The weather is turning, and books—as always—will bring us steadily through to the end of the year. Here are our choices for this fall's best reads.
Every word carries with it a connotative meaning, a definition that stretches beyond what can be found in the dictionary. Edwin Madu uses this notion to his advantage in his short story “Missing Things” published by Okey-Panky in July of this year.
The novel opens with Elena Richardson watching her home burn down, and readers backtrack the circumstances leading to an act of arson.
By formatting her short story “Take Your Child To Work Day Report” like an actual report, Maya Beck examines power dynamics in the classroom and society as a whole.
These stories stray far from tourist brochure representations; they are not filled with glacial lagoons, ice caves, thermal pools, or Björk.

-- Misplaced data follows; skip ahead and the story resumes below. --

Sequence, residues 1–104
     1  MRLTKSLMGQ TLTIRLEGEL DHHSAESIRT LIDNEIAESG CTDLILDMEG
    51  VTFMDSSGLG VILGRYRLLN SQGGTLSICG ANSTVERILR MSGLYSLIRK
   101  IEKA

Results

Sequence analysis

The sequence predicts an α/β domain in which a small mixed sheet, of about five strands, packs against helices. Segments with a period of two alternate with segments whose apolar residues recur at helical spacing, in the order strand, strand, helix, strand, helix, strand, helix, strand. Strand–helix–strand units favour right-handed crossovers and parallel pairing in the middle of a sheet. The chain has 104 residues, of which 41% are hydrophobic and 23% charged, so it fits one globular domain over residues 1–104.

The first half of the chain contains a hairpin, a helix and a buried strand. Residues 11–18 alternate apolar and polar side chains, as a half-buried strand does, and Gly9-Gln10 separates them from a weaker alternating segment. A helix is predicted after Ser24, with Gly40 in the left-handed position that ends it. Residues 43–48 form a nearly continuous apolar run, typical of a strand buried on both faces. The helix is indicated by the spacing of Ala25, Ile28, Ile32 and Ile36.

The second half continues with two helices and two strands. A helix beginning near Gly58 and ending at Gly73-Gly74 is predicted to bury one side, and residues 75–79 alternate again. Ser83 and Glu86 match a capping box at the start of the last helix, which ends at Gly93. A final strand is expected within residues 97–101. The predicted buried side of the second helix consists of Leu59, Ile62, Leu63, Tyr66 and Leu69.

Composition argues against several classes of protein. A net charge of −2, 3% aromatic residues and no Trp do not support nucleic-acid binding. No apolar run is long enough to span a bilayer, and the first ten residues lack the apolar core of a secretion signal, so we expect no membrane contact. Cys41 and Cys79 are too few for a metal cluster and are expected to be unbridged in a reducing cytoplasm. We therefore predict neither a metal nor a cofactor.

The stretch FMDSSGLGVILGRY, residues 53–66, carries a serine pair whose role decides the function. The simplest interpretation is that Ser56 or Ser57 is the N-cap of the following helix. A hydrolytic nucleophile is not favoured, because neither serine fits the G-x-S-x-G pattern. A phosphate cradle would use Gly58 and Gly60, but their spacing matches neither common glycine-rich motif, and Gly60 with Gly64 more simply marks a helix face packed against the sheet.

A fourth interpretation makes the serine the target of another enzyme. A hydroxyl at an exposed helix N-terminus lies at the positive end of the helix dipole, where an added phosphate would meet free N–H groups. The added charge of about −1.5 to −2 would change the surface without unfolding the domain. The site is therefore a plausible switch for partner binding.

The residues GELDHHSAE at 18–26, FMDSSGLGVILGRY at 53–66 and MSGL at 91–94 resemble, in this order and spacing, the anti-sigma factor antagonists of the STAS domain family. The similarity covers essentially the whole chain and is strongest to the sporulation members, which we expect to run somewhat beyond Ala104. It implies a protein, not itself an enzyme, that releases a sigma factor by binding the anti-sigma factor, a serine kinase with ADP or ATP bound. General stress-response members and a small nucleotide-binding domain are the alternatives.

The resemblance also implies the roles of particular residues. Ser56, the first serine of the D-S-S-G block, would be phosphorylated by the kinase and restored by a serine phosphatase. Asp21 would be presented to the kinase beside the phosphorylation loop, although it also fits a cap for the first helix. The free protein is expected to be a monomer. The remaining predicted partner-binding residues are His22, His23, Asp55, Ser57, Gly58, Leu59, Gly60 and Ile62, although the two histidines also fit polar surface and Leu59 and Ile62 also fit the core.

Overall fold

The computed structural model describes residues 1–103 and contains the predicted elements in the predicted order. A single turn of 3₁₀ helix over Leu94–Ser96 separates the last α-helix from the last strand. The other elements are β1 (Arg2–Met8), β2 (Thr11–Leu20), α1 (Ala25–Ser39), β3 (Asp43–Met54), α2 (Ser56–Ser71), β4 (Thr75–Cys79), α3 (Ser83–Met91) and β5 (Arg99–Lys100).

In focusing on the interior life of a man in crisis, Gilvarry is able to speak to the beauty that can be found at the end of an existential crisis, at the end of middle age.
Don Lee's latest novel proves to be a deceptively nuanced tale about the disconnect between our dreams and the limits of how far we'll go to obtain them.
For Frank Exit, a man tasked with recovering the kidnapped children of a Japanese diplomat, gone are the days of a simple ransom request for money or a getaway vehicle.
Who says a good beach read can’t also be a book that packs some punch? Here are four of this summer’s best.
While not all of the fourteen stories in his new collection are a fair illustration of his ability, the balance demonstrates, once again, why he deserves a lasting place among American literary masters.